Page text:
The language of trucking was spun like a landlubber's yarn from the language of ships and the sea. Truck operators, their hands on wheels, move up and down the Interstates today hauling cargo for shippers from dock to dock and tracking the transfer of freight in log books and manifests that Captain Cook himself would have understood.
Decades after the launch of this land-bound shipping industry, truckers may borrow still another concept from their sailing counterparts, the sails themselves. Kenworth and a design firm called Aero Works have been testing a new “boat tail” attachment for the back of trailers.
The inflatable tail is the brainchild of Lee Telnack, president of Aero Works, which currently designs sails for boats. This device has a rather different relationship with the wind, however. It is intended to boost fuel efficiency by reducing the air turbulence and drag created in the wake of tractor-trailer combinations.
“Since I moved to Washington State, I've been designing sails for boats,” says Telnack, “My background is in transportation design, though; from 1988-1991, I was part of Ford's Advanced Concepts group. Boat tails for trucks aren't a totally new idea, but this approach is. And we have a patent for this design.”
Telnack's device is made of the same material used in Zodiac inflatable boats. Like the lightweight watercraft, the boat tail is rigid and strong when it is filled with air, in this case air drawn from the vehicle's air brake system. When the trailer doors are opened, however, it splits in half and collapses against the sides of the trailer.
“Our design attaches to the door hinges on rear-opening trailers,” he explains. “Because the inflated device is rigid, we can make sure it doesn't obscure the view of tail lights. We can also incorporate LED lights right on the boat tail itself.
“In addition to our wind tunnel testing of models and full-sized prototypes at the University of Washington's facility, we've done some 500-mile highway tests with Kenworth to evaluate performance and measure the impact on fuel efficiency,” Telnack notes. “These road tests have been conducted strictly according to SAE standards, with every possible variable controlled to isolate the effect of the boat tail on fuel consumption. So far, the tractor-trailer combination equipped with our boat tail has used 3.5% less fuel than an identical tractor paired with a standard trailer.”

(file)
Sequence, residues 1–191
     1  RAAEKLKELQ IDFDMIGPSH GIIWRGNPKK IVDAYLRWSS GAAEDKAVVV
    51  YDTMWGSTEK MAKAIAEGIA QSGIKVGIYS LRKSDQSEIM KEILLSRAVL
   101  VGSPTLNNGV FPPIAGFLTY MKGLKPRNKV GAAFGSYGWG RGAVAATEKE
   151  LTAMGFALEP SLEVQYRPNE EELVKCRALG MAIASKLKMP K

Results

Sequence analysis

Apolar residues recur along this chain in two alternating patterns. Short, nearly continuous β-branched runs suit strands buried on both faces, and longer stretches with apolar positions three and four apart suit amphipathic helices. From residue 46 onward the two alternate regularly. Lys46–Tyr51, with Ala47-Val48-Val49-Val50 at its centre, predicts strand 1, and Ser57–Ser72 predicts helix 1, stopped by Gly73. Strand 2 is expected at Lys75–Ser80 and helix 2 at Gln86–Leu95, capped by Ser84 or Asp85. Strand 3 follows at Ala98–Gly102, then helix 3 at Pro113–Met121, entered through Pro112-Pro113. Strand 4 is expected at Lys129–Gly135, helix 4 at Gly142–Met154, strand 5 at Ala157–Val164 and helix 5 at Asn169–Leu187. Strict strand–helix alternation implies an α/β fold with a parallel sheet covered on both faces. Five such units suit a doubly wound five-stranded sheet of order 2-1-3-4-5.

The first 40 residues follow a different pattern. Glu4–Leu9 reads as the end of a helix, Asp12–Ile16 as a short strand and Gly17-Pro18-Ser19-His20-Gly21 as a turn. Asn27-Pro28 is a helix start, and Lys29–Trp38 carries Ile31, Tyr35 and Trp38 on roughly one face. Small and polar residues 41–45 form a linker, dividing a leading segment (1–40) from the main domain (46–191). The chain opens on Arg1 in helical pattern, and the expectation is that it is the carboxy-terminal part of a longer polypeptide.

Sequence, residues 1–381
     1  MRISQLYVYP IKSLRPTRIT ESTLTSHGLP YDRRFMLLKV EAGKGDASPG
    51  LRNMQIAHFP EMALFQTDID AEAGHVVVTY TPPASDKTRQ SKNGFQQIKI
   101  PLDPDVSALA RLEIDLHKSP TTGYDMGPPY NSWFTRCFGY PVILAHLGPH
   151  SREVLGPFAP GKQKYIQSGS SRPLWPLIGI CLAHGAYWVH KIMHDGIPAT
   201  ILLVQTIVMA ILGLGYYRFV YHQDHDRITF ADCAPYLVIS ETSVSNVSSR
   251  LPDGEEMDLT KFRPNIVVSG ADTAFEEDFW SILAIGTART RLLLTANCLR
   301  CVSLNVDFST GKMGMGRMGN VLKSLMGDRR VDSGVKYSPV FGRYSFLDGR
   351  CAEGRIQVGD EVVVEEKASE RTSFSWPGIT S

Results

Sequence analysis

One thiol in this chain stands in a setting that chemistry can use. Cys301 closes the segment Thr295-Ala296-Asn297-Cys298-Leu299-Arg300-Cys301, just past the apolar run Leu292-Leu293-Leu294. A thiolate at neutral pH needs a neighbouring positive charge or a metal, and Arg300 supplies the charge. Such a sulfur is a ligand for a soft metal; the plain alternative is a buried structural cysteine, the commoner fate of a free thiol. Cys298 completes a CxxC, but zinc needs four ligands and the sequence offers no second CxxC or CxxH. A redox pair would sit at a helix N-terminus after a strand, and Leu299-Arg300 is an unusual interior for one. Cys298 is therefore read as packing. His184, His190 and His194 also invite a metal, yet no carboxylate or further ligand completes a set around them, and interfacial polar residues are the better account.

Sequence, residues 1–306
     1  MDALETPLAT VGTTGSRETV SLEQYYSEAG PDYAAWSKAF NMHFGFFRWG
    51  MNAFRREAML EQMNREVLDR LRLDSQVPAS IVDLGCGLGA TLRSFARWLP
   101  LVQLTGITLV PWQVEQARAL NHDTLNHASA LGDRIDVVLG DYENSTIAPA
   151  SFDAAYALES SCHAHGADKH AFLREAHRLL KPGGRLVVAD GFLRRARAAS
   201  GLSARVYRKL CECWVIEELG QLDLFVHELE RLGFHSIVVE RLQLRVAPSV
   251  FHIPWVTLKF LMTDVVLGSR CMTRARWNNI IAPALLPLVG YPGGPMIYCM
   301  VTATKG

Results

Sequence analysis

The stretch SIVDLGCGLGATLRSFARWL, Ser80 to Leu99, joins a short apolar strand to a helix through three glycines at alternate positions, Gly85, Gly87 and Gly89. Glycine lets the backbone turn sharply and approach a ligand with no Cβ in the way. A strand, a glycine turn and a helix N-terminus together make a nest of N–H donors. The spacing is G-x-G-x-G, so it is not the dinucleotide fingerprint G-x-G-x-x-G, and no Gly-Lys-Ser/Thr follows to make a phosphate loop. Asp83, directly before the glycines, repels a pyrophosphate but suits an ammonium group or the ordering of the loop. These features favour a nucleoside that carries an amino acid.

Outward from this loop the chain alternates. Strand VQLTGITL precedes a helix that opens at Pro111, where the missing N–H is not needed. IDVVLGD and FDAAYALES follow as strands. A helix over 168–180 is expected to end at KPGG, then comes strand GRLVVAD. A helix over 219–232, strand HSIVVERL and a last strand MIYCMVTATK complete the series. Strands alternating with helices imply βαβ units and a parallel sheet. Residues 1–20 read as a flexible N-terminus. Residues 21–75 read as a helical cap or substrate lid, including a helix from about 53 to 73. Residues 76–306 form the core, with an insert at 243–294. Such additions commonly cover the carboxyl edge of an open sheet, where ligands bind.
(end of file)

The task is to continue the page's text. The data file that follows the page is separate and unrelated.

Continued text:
“Aero Works' device could solve some of the problems that kept past attempts from being practical,” says Jim Bechtold, Kenworth's chief engineer. “It seems to deliver improvements in fuel efficiency that are significant enough to make a difference. Most fleets today, for instance, will make a spec'ing decision based on fuel efficiency improvements of just 1% to 1.5%.
“There are still issues of safety and practicality to address, though, such as how to inflate the boat tail and yet make sure that air for braking is kept a priority and the braking system is safeguarded. The costs versus benefits equation also has to be worked out,” Bechtold adds.
For now, Aero Works is continuing to refine their design, talking to interested trailer manufacturers and planning for a second round of highway testing with fleets, according to Telnack. “This concept may also have application as a cab extender to reduce turbulence between the tractor and trailer or as side skirting below the trailer,” he says. “We see lots of opportunities.”
Fleets interested in participating in road tests of the Aero Works boat tail are invited to contact the company directly to learn more by going to the Aero Works web site at www.aeroworks.com or calling: 360-352-0654. Sail ho!